## Processing BRF S.A., Date = 2009-12-31   Downloading | Reading file
## Processing BRF S.A., Date = 2008-12-31   Downloading | Reading file
## Processing KARSTEN SA, Date = 2009-12-31 Downloading | Reading file
## Processing KARSTEN SA, Date = 2008-12-31 Downloading | Reading file
## Processing ODONTOPREV S/A, Date = 2009-12-31 Downloading | Reading file
## Processing ODONTOPREV S/A, Date = 2008-12-31 Downloading | Reading file
## Processing ULTRAPAR PARTICIPAÇÕES SA, Date = 2009-12-31  Downloading | Reading file
## Processing ULTRAPAR PARTICIPAÇÕES SA, Date = 2008-12-31  Downloading | Reading file

And now we can check the resulting tibble:

glimpse(df.reports)
## Observations: 4
## Variables: 13
## $ company.name      <chr> "BRF S.A.", "KARSTEN SA", "ODONTOPREV S/A", ...
## $ company.code      <int> 16292, 4146, 20125, 18465
## $ type.info         <chr> "individual", "individual", "individual", "i...
## $ min.date          <date> 2008-12-31, 2008-12-31, 2008-12-31, 2008-12-31
## $ max.date          <date> 2009-12-31, 2009-12-31, 2009-12-31, 2009-12-31
## $ n.periods         <int> 2, 2, 2, 2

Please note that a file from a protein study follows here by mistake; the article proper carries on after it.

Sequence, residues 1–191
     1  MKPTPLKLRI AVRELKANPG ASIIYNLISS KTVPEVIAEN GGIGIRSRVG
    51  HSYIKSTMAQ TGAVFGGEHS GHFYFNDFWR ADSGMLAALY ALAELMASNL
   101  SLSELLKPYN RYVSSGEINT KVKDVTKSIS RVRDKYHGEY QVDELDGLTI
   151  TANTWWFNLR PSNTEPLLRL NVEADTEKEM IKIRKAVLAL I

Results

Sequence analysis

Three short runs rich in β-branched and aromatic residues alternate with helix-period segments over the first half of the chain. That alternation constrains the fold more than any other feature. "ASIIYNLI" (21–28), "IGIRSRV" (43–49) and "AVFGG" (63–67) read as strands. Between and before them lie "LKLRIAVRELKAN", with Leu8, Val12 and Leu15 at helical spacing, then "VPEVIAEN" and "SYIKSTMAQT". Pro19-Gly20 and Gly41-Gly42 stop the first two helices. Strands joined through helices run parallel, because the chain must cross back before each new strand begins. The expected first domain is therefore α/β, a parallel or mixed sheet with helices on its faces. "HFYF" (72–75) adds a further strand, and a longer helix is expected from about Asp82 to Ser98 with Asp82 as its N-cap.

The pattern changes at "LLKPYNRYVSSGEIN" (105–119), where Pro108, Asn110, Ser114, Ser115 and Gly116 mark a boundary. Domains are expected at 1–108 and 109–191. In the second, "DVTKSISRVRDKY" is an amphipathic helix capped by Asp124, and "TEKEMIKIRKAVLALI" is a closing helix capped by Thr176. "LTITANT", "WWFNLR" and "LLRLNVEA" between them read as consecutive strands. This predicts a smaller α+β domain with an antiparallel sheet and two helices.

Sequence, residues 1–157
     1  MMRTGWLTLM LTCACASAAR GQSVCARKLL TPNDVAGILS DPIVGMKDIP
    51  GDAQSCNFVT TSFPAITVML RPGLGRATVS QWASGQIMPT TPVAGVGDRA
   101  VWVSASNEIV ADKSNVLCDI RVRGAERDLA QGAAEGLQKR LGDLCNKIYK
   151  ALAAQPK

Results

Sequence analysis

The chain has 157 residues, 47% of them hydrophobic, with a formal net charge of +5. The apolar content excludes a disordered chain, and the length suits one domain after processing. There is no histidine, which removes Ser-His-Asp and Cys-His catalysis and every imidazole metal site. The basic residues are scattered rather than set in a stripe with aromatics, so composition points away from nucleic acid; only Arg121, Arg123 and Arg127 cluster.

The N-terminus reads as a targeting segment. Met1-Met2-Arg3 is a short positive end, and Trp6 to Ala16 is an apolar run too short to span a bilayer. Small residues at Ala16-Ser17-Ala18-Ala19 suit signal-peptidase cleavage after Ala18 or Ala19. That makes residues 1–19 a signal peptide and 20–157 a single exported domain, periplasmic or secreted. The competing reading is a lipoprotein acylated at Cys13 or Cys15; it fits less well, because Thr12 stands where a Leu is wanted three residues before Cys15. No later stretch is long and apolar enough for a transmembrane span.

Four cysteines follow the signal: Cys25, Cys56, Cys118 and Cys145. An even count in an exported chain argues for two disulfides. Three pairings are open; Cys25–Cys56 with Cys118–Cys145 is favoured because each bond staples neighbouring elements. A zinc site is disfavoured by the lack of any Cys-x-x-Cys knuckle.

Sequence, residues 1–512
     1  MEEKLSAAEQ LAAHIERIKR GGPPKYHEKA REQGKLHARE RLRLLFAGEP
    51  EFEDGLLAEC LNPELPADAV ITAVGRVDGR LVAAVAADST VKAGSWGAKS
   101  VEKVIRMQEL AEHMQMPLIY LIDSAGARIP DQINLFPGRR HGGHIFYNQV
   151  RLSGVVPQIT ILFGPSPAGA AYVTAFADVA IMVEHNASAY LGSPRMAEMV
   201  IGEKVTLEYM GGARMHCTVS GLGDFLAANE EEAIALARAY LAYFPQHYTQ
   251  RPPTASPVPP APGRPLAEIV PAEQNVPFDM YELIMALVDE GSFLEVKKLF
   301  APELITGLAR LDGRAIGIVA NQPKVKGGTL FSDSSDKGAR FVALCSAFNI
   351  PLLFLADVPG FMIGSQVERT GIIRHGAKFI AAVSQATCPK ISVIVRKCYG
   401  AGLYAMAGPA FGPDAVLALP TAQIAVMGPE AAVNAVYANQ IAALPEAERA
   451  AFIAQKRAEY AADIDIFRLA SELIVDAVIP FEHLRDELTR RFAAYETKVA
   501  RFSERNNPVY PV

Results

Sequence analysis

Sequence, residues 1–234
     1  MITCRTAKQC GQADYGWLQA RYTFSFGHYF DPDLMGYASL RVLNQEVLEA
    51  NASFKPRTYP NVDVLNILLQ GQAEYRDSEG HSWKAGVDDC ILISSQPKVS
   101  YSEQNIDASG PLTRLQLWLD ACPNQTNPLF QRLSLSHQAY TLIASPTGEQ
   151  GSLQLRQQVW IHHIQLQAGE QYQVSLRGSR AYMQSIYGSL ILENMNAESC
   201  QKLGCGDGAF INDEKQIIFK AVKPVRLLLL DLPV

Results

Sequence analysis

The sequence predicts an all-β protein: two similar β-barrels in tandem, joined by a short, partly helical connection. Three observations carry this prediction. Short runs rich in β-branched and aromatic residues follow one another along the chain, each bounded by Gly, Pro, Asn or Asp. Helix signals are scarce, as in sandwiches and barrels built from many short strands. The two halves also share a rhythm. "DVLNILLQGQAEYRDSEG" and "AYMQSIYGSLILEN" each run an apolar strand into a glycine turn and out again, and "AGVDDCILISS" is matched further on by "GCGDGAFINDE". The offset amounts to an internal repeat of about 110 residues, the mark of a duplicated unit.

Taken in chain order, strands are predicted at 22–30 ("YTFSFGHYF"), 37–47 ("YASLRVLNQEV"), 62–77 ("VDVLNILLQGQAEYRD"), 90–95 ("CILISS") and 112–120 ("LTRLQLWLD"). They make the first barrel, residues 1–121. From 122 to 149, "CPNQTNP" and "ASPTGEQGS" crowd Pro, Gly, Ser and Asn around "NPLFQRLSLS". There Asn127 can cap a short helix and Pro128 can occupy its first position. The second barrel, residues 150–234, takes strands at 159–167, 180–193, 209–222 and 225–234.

## $ stock.holders     <list> [<c("Standard Life Aberdeen Plc", "Petros -...
## $ stock.composition <list> [<c("Ordinárias", "Preferenciais", "Total")...
## $ dividends.history <list> [<c("ON", "ON", "ON", "ON", "ON", "ON", "ON...
## $ fr.assets         <list> [<# A tibble: 18 x 6,    company.name   ref...
## $ fr.liabilities    <list> [<# A tibble: 42 x 6,    company.name   ref...
## $ fr.income         <list> [<# A tibble: 52 x 6,    company.name   ref...
## $ fr.cashflow       <list> [<character(0), character(0), character(0),...

Every row of df.reports will provide information for one company. Metadata about the corresponding dataframes such as min/max dates is available in the first columns. Keeping a tabular structure facilitates the organization and future processing of all financial data. We can use tibble df.reports for creating other dataframes in the long format containing data for all companies. See next, where we create dataframes with the assets and liabilities of all companies:

df.assets <- do.call(what = rbind, args = df.reports$fr.assets)
df.liabilities <- do.call(what = rbind, args = df.reports$fr.liabilities)

df.assets.liabilities <- rbind(df.assets, df.liabilities)